Robert T. Burns, Faculty, Agricultural and Biosystems Engineering, Lara Moody, P&S
As energy costs have continued to rise, there has been increased interest in anaerobic digestion of animal manures to generate energy. This interest has included the direct use of biogas on the farm, centralized digestion systems, co-digestion facilities and digestion of manures as an energy source at ethanol plants. Increasingly, agricultural producers are requesting information and decision-making advice on topics related to anaerobic treatment of agricultural waste.
The objective of the course was to provide the necessary information and tools that a consultant, decision maker, system reviewer or information provider can use to assist agricultural operators.
The Anaerobic Treatment of Agricultural Wastes short course took place on May 21 & 22, 2007 at the Hotel Fort Des Moines in Des Moines, Iowa. The course was designed to go through the unit processes of anaerobic treatment, from fundamental principles to case histories.
The ISU Agricultural and Biosystems Engineering Department put on the course, which was opened by Dr. Gerald Miller, Director of the Extension to Agricultural and Natural Resources, and Associate Dean of the College of Agriculture, who gave a general welcome to the participants. Other ISU speakers included Dr. Robert Burns, ABE Associate Professor and course coordinator, Dr. Shihwu Sung, Civil, Construction and Environmental Engineering Associate Professor, and Dr. Rob Anex, Associate Director of Biorenewables Program and ABE Associate Professor.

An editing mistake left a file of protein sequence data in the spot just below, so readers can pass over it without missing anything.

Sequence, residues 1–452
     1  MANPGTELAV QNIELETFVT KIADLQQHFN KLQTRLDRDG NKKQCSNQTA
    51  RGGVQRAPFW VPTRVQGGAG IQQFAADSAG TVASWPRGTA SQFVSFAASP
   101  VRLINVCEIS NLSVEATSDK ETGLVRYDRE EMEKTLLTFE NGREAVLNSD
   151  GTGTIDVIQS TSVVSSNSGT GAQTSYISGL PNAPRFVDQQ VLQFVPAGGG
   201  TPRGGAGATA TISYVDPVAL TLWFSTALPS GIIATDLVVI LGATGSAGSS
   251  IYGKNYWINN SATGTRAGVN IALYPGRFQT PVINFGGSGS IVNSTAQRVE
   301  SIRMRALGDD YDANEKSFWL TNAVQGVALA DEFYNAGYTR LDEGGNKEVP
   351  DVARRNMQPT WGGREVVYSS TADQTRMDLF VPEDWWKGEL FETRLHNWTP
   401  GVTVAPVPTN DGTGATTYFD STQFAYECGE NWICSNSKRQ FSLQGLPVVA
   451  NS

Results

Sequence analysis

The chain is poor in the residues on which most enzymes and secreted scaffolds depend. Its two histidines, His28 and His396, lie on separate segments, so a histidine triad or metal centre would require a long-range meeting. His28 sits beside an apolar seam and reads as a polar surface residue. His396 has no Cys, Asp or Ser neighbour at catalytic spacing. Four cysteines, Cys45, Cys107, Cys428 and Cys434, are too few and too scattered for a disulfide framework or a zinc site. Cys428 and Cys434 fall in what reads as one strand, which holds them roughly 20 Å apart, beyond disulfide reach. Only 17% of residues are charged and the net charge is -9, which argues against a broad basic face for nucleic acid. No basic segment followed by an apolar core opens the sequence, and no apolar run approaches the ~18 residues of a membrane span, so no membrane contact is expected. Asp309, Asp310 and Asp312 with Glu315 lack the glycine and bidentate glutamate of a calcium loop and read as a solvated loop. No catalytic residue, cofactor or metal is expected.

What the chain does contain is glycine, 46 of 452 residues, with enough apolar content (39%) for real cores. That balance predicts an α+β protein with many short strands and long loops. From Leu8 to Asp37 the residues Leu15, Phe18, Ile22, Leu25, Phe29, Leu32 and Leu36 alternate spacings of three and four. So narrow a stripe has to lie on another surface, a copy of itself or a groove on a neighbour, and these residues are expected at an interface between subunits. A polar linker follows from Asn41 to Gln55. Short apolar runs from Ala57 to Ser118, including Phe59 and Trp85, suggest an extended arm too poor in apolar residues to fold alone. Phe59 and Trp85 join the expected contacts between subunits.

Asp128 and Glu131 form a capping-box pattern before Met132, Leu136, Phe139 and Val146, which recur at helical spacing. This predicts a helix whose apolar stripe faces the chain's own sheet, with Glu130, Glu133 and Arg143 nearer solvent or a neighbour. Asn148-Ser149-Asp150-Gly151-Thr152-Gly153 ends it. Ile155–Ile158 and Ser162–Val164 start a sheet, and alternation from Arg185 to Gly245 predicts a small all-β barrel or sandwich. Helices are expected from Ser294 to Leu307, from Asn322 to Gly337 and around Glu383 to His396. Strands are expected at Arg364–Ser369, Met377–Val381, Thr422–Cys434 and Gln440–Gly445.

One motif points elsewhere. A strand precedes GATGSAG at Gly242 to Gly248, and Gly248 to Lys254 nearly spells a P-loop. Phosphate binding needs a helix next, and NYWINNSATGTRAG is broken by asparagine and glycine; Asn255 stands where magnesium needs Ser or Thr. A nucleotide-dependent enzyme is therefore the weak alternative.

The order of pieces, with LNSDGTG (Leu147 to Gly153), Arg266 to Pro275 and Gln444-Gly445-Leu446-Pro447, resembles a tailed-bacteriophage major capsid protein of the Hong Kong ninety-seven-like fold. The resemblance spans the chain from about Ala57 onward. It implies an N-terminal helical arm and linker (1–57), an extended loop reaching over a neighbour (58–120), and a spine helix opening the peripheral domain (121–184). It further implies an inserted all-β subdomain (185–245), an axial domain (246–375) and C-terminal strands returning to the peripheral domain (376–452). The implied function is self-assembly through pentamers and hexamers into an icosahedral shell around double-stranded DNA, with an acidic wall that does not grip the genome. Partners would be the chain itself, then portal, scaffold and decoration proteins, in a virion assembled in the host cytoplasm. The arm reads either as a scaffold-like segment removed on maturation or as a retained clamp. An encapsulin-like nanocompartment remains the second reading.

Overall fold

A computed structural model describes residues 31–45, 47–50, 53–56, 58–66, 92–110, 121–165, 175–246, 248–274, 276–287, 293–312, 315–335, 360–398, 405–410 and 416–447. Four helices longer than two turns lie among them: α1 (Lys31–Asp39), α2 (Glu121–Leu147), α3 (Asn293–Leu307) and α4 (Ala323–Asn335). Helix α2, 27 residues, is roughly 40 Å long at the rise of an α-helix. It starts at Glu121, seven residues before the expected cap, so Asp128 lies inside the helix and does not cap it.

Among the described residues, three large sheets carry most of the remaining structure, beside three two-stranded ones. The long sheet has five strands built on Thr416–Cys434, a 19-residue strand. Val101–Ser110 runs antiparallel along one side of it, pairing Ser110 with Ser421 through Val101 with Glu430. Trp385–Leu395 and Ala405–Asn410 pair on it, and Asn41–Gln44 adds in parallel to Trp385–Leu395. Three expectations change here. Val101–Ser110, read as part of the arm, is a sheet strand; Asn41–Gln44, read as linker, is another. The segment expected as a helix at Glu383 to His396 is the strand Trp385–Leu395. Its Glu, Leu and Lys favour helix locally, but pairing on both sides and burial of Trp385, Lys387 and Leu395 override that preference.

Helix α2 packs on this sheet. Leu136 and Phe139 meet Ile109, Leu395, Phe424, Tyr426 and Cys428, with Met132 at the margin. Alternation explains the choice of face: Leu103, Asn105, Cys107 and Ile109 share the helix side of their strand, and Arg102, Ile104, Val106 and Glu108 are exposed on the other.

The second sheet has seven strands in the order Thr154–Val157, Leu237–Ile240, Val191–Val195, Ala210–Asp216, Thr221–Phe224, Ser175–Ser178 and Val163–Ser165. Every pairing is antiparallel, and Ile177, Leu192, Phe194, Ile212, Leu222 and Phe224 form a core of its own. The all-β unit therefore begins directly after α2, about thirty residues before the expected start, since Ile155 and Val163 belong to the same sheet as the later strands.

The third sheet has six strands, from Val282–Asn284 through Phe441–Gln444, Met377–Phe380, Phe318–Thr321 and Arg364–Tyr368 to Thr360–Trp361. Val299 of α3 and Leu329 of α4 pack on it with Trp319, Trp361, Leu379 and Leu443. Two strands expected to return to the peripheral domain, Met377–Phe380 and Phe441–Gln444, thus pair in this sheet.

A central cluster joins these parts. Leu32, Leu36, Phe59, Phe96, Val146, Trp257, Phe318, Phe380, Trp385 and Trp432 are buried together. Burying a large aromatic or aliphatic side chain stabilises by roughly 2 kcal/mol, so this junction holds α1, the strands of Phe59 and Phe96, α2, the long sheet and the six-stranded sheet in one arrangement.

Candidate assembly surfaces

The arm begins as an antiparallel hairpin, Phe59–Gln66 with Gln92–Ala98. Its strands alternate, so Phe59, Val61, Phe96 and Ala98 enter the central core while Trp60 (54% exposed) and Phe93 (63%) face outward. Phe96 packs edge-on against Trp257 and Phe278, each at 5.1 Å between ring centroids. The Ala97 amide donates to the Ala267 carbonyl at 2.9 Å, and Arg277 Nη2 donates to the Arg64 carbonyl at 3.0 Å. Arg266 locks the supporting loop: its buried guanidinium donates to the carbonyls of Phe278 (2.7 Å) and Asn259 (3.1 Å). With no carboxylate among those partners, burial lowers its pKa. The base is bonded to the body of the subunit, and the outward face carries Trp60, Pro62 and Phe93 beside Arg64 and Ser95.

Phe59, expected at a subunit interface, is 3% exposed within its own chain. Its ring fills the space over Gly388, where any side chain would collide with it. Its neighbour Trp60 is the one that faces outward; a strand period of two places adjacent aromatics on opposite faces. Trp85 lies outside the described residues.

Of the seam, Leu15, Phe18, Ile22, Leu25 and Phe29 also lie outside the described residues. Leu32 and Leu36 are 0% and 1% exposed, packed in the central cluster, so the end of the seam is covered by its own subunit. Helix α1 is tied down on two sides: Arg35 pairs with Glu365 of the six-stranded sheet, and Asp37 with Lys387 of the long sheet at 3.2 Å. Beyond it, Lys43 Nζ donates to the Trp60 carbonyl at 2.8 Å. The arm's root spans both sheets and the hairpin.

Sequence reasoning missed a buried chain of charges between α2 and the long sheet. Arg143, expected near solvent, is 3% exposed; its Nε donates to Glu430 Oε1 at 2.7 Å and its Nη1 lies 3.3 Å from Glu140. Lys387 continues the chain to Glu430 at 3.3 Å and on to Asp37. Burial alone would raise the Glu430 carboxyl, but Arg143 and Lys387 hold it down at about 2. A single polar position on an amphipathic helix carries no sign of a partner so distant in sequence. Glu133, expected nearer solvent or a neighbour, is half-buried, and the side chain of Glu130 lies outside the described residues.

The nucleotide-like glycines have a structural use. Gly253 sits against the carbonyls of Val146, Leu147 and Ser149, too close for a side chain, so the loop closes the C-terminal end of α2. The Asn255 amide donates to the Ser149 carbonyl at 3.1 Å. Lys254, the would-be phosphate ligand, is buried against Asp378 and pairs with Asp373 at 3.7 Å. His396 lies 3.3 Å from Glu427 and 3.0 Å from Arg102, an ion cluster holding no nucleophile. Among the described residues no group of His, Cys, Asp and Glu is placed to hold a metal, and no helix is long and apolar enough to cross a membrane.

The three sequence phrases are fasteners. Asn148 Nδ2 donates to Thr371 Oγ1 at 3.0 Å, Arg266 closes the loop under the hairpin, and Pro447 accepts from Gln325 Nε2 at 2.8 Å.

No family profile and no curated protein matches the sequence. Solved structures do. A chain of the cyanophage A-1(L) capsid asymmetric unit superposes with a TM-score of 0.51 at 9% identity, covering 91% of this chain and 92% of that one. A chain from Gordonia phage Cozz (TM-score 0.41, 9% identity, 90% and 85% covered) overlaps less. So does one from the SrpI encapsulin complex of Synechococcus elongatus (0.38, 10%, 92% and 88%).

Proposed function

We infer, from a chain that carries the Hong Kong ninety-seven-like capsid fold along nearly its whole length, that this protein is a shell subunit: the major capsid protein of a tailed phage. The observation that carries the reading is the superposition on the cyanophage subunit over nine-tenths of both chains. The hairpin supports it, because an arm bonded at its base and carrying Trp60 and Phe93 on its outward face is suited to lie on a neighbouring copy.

There was a great turnout of 109 participants, including 12 exhibitors. After each presentation, there were good questions and informative group discussion. A comment from one course evaluation read, "After 5 years in the farm-based renewable energy from biogas business, this was the 'highlight' speaker lineup to learn about U.S. technology."
Eighty percent of those who filled out surveys said that they would sometimes or frequently use the information gained from this course while advising clients on manure anaerobic systems. Ninety three percent said they would recommend this course to a colleague.
June 30, 2007
160 Natural Resources and Stewardship
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August 2, 2007
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